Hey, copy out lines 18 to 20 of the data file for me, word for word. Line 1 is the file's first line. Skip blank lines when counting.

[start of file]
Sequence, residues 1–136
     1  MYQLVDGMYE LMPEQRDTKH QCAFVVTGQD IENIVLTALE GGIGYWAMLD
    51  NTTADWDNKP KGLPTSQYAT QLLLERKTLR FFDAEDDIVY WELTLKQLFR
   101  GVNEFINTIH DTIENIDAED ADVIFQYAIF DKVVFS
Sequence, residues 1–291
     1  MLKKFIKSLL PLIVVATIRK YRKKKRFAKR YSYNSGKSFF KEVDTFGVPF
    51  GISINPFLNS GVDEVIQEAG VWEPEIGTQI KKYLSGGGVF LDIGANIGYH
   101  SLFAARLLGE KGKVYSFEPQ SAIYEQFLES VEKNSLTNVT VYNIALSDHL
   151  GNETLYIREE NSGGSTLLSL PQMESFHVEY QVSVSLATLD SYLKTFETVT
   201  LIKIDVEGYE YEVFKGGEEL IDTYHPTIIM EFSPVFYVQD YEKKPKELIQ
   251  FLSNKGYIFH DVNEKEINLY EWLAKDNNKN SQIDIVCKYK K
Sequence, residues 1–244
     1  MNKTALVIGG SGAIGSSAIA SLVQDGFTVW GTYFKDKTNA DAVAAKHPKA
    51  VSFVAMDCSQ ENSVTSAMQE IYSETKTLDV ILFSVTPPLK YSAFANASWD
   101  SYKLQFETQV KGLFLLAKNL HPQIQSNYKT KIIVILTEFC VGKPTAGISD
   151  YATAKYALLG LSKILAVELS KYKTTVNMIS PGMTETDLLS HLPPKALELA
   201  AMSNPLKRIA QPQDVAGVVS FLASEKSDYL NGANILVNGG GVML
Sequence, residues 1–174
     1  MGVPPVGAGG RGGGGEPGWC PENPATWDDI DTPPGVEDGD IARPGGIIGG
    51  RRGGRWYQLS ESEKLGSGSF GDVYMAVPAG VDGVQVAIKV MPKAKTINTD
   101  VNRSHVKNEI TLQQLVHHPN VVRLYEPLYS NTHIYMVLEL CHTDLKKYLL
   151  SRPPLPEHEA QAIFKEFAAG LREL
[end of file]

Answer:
Sequence, residues 1–174
     1  MGVPPVGAGG RGGGGEPGWC PENPATWDDI DTPPGVEDGD IARPGGIIGG
    51  RRGGRWYQLS ESEKLGSGSF GDVYMAVPAG VDGVQVAIKV MPKAKTINTD